Race, ethnicity, and the quality of life in America, 1972-2006
Lopez, Carlos A.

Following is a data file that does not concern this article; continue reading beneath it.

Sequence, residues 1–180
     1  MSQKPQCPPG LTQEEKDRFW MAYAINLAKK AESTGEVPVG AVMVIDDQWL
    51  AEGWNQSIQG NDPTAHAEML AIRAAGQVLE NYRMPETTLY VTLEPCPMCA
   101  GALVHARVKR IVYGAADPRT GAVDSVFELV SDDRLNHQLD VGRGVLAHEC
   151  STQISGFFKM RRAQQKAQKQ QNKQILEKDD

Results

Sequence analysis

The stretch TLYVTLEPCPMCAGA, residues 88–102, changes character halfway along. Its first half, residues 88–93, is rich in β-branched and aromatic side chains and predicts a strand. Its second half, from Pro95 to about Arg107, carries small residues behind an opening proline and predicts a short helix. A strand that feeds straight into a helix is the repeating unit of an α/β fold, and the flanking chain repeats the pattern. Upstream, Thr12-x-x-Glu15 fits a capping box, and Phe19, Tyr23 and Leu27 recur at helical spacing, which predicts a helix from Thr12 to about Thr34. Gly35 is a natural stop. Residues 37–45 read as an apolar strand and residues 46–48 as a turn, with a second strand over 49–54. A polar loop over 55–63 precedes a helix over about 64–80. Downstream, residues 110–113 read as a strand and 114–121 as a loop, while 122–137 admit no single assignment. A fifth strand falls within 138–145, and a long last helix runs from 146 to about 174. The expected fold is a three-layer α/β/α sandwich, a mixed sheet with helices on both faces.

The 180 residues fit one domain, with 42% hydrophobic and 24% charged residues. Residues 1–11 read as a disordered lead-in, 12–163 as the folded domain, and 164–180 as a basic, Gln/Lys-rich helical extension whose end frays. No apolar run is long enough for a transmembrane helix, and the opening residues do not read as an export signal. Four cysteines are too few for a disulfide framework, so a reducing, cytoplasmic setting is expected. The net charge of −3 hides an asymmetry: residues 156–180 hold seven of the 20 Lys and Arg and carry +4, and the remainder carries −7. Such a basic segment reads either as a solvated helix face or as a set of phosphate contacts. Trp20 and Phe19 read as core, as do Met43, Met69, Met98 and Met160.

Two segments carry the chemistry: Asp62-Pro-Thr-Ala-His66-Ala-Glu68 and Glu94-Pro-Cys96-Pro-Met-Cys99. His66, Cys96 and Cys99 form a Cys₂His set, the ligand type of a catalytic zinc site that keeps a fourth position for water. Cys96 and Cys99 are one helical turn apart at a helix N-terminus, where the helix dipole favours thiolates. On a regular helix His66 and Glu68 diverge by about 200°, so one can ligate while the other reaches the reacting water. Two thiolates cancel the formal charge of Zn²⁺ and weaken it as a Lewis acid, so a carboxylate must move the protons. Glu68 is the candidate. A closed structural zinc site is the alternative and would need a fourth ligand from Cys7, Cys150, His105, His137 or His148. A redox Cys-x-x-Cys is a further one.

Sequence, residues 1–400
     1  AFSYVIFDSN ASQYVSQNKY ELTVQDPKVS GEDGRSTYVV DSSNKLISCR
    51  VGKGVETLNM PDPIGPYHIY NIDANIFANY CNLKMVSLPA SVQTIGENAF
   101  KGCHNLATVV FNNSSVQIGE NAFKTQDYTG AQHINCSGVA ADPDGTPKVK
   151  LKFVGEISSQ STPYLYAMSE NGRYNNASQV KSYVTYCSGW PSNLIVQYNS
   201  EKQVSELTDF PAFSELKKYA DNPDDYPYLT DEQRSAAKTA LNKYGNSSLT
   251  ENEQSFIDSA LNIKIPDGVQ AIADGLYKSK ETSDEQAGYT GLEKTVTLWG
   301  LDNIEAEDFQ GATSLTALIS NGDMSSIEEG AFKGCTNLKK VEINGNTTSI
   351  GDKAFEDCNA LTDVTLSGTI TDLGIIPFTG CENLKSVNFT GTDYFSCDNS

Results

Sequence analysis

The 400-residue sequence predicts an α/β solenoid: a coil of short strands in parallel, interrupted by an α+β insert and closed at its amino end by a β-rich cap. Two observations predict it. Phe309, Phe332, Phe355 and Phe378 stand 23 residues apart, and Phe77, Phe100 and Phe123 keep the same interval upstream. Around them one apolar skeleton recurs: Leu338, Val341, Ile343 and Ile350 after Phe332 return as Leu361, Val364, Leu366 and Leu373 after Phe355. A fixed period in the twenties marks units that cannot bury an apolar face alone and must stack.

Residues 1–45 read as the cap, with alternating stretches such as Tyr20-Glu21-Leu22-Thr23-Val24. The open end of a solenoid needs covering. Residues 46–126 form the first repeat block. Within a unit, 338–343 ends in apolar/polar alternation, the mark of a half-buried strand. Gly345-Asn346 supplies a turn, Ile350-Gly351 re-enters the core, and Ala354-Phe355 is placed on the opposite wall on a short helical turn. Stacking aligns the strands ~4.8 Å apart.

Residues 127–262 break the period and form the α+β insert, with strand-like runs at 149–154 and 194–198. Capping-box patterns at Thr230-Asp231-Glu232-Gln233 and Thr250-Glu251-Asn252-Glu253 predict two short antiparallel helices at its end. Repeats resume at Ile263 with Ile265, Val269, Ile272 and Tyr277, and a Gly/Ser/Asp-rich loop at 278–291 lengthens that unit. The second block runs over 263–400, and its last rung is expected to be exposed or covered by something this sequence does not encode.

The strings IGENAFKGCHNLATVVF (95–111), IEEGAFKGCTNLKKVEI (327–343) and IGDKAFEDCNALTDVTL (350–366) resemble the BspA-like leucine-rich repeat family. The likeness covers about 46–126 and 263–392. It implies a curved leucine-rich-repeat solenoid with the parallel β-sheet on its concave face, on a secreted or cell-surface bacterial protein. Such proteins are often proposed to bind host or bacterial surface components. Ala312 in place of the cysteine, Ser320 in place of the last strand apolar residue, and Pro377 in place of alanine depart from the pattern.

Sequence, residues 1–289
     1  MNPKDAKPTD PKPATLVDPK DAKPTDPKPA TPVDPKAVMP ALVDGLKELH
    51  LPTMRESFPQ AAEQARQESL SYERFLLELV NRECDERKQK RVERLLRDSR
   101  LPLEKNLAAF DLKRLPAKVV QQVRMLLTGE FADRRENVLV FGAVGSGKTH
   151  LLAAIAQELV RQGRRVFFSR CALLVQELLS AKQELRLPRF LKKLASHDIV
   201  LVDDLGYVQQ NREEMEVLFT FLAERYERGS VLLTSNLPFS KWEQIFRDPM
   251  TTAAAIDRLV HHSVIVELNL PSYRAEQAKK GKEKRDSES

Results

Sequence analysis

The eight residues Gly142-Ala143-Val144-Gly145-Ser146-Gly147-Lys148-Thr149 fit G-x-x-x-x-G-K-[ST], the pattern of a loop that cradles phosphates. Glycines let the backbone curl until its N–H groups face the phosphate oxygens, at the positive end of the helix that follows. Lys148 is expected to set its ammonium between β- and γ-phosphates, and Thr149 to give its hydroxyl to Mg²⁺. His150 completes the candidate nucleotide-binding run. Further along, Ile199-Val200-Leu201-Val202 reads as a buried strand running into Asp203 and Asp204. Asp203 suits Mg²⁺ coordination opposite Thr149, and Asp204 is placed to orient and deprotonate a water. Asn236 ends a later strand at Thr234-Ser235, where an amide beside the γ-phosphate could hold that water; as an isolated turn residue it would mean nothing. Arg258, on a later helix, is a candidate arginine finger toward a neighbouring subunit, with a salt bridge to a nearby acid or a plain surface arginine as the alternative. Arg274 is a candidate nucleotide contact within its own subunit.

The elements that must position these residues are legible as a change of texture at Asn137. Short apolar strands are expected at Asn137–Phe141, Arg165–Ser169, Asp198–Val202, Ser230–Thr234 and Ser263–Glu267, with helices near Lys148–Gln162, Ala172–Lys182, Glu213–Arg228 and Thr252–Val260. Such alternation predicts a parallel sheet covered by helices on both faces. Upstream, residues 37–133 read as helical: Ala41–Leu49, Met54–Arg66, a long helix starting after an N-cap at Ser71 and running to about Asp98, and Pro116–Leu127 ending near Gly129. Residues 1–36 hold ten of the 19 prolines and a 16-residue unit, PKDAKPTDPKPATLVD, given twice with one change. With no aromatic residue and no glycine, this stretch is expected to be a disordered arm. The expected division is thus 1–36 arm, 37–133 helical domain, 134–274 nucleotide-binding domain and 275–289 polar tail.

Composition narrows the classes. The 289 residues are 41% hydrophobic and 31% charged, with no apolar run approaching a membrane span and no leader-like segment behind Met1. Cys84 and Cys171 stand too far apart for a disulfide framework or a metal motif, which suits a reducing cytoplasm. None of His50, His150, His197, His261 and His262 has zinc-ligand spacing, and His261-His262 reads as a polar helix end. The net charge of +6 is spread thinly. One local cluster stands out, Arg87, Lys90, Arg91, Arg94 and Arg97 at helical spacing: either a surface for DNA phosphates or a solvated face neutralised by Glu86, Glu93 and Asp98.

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Using data from the 1972-2006 General Social Surveys, this study extends and elaborates research on ascription and the quality of life. I examine how subjective measures such as happiness, health status, trust, and financial well-being are related to race, ethnicity, social class, and time. The results show that blacks assess their quality of life more negatively than whites. Over time, the prevailing pattern suggests a declining but still discernable significance of race. Notably, the racial gap persists with the introduction of class and demographic controls. The inclusion of Latino self-identification in the analyses shows a lower quality of life for Latinos compared to non-Latinos. That difference rarely remains when controls for class and demographics are considered. The use of partial proportional odds models that consider the nature of ordinal dependent variables corroborates previous quality of life research that use standard regression, a technically-inappropriate method for ordinal dependent variables.